Sorting your content for recycling: five ways to know if it's recyclable
All of a sudden, it seems the whole B2B world has finally woken up to content marketing. Which is great, except… it’s like the race has been on to shovel as much STUFF online as possible. Quickly. With no thought or planning. The internet’s brimming with a high percentage of useless guff that wastes a lot of time and effort all round, and it means your content needs to be even sharper to cut through all the noise. `
We all know good content is expensive to produce. And really great, original content will always stand out and be admired. So if you’ve got a fantastic insight, angle or idea, it makes sense to make as much of it as possible. Which brings us to ‘Recycling’ – that is, making your assets work harder as part of a content marketing plan by sharing them more than once, using different formats and channels. If you’re thinking of recycling content (and you should, because good content is too expensive to use just once) we suggest asking yourself five questions before you start re-issuing content into the market without a clear direction:
1. What do I want this content to achieve?
Be really clear about why you’re doing this. Remember SMART objectives? Set some… and then measure your results. (And be honest with yourself: if your content isn’t really up to the job, look for a way to improve it first.)
2. Who is this content going to help?
People generally go to the internet to solve problems – so try to choose content that will achieve this. If the content is strong, knowing your audience and the challenges they face is the first way to decide what they’ll find most valuable.
3. Which channels and formats will make that happen?
Think about where and how your audience will want to consume your content. Are there any channels you didn’t use before? Would bite-sized chunks help make things easier to digest? More channels can mean a larger audience but they won’t always deliver more value.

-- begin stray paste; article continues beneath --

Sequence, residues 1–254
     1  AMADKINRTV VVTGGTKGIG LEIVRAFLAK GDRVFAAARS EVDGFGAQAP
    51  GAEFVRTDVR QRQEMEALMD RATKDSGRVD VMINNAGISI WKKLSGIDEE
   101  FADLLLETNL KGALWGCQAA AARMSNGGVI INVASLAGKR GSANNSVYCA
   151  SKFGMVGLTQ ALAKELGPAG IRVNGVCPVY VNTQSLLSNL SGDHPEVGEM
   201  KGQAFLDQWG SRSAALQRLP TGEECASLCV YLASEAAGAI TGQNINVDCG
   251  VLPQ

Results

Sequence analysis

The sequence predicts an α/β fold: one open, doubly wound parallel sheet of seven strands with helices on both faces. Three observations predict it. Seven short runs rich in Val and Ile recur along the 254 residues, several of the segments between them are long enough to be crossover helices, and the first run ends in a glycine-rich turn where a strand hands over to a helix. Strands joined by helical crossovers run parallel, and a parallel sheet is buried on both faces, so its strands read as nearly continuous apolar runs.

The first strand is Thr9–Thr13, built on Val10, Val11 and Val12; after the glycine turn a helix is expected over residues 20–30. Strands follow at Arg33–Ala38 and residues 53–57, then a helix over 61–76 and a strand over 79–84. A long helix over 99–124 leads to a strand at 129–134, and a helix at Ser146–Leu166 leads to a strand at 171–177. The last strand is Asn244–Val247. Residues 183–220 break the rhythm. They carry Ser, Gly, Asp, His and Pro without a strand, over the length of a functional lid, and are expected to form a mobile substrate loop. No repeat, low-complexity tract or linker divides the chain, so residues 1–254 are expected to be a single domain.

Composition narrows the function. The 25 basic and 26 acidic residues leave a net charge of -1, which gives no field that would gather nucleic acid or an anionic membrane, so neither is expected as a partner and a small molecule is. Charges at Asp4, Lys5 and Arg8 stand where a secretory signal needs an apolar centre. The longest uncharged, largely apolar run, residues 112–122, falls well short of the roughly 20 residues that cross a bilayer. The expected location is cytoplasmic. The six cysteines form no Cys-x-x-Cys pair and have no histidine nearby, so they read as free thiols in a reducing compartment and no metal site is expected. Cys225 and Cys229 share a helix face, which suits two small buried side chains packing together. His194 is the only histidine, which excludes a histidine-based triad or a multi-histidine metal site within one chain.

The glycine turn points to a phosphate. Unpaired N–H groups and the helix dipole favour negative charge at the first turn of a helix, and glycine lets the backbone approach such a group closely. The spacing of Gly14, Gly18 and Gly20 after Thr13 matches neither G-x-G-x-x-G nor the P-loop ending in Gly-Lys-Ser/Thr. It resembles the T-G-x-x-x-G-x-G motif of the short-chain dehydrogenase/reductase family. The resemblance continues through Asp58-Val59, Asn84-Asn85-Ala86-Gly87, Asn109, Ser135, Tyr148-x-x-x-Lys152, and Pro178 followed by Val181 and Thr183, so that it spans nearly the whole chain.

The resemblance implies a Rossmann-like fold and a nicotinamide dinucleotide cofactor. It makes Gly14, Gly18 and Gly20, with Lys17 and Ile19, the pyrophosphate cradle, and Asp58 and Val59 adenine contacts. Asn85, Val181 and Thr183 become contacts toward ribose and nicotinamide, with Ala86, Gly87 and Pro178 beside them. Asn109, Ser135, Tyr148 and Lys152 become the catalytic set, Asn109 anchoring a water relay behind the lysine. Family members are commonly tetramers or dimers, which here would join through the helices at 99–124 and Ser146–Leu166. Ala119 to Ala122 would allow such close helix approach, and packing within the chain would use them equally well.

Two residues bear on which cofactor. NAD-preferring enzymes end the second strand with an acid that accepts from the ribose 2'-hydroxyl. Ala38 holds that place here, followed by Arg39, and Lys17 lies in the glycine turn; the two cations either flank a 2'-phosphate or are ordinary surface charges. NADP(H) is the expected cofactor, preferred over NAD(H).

4. Do I need to say this twice?
It’s quite possible your audience missed something the first time around, so there’s a case for repeating yourself from time to time. But pause a moment: is it a message that’s really important to them, or only to you? And what about people who did see it the first time – is there anything new or fresh you can add for them?
5. Is this really our best stuff?
It’s tempting to just recycle everything, as a matter of course. Don’t. Some pieces are more valuable than others at different parts of the buying process, some have broader audiences, and some lend themselves better to particular formats. The better and more relevant your content, the more people will want to read the next piece.
Personally, if I’m in any doubt, I think of the content as a mini-conversation. Take a moment, and stop treating the job as if you’re broadcasting a message. Think about who you’re trying to engage, what you’re sharing with them and how you want them to respond – it makes the whole business of choosing which content you should recycle, how and where, a lot easier. Ultimately, this isn’t about feeding some faceless online monster. It’s about connecting with people with relevant, high-quality content. Like all marketing should be